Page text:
A line of research in cognitive science over several decades has been dedicated to finding an innate, language-specific cognitive system, a faculty which allows human infants to acquire languages natively without formal instruction and within short periods of time. In recent years, this search has attracted ...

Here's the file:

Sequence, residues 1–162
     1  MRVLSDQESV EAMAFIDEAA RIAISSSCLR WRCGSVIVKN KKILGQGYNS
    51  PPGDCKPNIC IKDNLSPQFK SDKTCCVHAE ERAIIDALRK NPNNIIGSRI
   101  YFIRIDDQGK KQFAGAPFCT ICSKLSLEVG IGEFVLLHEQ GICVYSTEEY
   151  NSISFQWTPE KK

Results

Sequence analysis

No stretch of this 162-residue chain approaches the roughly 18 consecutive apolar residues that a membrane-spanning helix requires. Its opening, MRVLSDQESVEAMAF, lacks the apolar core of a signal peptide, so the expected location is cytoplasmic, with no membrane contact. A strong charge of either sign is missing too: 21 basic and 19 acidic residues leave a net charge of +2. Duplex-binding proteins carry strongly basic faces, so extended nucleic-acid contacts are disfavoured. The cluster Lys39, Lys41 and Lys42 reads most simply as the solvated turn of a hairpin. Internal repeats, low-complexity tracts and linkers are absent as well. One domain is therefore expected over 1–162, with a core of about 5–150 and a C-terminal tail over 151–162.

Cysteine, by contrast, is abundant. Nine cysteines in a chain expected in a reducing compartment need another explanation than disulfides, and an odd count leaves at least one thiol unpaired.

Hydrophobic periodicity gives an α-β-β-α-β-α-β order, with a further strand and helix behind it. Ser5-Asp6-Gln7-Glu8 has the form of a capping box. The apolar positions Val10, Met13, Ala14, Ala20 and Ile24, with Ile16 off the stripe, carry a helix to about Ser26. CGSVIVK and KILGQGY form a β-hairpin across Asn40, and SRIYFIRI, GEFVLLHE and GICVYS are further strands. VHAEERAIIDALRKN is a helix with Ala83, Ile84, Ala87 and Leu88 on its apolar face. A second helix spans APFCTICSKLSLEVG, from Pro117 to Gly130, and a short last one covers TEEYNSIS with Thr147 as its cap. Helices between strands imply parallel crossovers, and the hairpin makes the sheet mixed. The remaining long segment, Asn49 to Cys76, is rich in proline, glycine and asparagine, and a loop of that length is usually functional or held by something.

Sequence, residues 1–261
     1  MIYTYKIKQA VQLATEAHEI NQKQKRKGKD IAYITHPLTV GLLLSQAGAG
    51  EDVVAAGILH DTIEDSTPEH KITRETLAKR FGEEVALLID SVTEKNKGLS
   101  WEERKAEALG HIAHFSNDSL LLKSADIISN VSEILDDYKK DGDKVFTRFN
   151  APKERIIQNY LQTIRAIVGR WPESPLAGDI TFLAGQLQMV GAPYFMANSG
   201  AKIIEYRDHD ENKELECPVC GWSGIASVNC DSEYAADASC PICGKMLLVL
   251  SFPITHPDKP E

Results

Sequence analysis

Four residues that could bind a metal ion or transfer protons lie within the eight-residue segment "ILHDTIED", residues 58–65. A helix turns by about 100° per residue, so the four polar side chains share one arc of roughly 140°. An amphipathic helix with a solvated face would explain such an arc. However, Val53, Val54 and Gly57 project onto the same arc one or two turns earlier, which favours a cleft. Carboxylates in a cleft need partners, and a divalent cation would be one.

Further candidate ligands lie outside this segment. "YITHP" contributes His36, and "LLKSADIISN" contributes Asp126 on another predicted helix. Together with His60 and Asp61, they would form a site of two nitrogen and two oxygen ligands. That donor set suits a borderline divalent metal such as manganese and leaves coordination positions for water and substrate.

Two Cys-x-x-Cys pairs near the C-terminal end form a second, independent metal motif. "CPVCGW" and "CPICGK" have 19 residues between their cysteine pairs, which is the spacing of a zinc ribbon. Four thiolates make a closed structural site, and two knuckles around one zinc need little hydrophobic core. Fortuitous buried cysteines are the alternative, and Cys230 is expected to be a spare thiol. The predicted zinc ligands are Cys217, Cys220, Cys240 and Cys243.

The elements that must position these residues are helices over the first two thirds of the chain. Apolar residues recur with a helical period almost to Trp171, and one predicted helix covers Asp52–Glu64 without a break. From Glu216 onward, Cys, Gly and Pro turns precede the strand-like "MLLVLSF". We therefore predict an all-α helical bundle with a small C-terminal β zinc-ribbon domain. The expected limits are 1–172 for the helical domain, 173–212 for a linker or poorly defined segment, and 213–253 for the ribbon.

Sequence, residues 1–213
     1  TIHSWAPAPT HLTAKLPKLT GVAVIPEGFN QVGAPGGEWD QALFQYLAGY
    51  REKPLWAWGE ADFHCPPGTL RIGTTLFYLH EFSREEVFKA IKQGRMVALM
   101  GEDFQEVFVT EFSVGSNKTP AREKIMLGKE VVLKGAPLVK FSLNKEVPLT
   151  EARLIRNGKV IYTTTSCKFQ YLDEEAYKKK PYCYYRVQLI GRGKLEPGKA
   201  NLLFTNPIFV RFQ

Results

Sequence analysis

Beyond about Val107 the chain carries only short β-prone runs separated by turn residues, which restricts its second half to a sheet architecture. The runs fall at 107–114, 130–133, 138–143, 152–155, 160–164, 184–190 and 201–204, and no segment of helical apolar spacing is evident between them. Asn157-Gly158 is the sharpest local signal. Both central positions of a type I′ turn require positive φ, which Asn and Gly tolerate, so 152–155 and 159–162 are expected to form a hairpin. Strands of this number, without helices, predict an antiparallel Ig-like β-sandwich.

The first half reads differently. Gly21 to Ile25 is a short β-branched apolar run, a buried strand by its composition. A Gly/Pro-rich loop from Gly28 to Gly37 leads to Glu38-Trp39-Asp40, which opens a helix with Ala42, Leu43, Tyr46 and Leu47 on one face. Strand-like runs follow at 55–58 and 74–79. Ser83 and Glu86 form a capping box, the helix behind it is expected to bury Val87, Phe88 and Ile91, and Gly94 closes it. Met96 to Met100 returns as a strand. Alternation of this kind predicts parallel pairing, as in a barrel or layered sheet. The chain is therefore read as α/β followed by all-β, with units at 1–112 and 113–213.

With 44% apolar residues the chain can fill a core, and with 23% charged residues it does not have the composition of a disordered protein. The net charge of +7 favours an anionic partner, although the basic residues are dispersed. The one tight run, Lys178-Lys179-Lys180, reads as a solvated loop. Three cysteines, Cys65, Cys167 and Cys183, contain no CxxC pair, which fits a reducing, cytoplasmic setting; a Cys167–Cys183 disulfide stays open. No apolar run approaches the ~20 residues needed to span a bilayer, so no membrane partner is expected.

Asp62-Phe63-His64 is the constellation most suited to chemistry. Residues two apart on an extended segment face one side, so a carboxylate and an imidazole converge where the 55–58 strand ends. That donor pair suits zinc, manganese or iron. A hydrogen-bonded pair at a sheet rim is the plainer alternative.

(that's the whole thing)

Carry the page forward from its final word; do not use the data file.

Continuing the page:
A line of research in cognitive science over several decades has been dedicated to finding an innate, language-specific cognitive system, a faculty which allows human infants to acquire languages natively without formal instruction and within short periods of time. In recent years, this search has attracted significant controversy in cognitive science generally, and in the language sciences specifically. Some maintain that the search has had meaningful results, though there are different views as to what the findings are: ranging from the view that there is a rich and rather specific set of principles, to the idea that the contents of the language faculty are—while specifiable—in fact extremely minimal. But other researchers rigorously oppose the continuation of this search, arguing that decades of effort have turned up nothing. The fact remains that the proposal of a language-specific faculty was made for a good reason, namely as an attempt to solve the vexing puzzle of language in our species. Much work has been developing to address this, and specifically, to look for ways to characterize the language faculty as an emergent phenomenon; i.e., not as a dedicated, language-specific system, but as the emergent outcome of a set of uniquely human but not specifically linguistic factors, in combination. A number of theoretical and empirical approaches are being developed in order to account for the great puzzles of language— language processing, language usage, language acquisition, the nature of grammar, and language change and diversification. This research topic aims at reviewing and exploring these recent developments and establishing bridges between these young frameworks, as well as with the traditions that have come before. The goal of this Research Topic is to focus on current developments in what many regard as a paradigm shift in the language sciences. In this Research Topic, we want to ask: If current explicit proposals for an innate, dedicated faculty for language are not supported by data or arguments, how can we solve the problems that UG was proposed to solve? Is it possible to solve the puzzles of language in our species with an appeal to causes that are not specifically linguistic?
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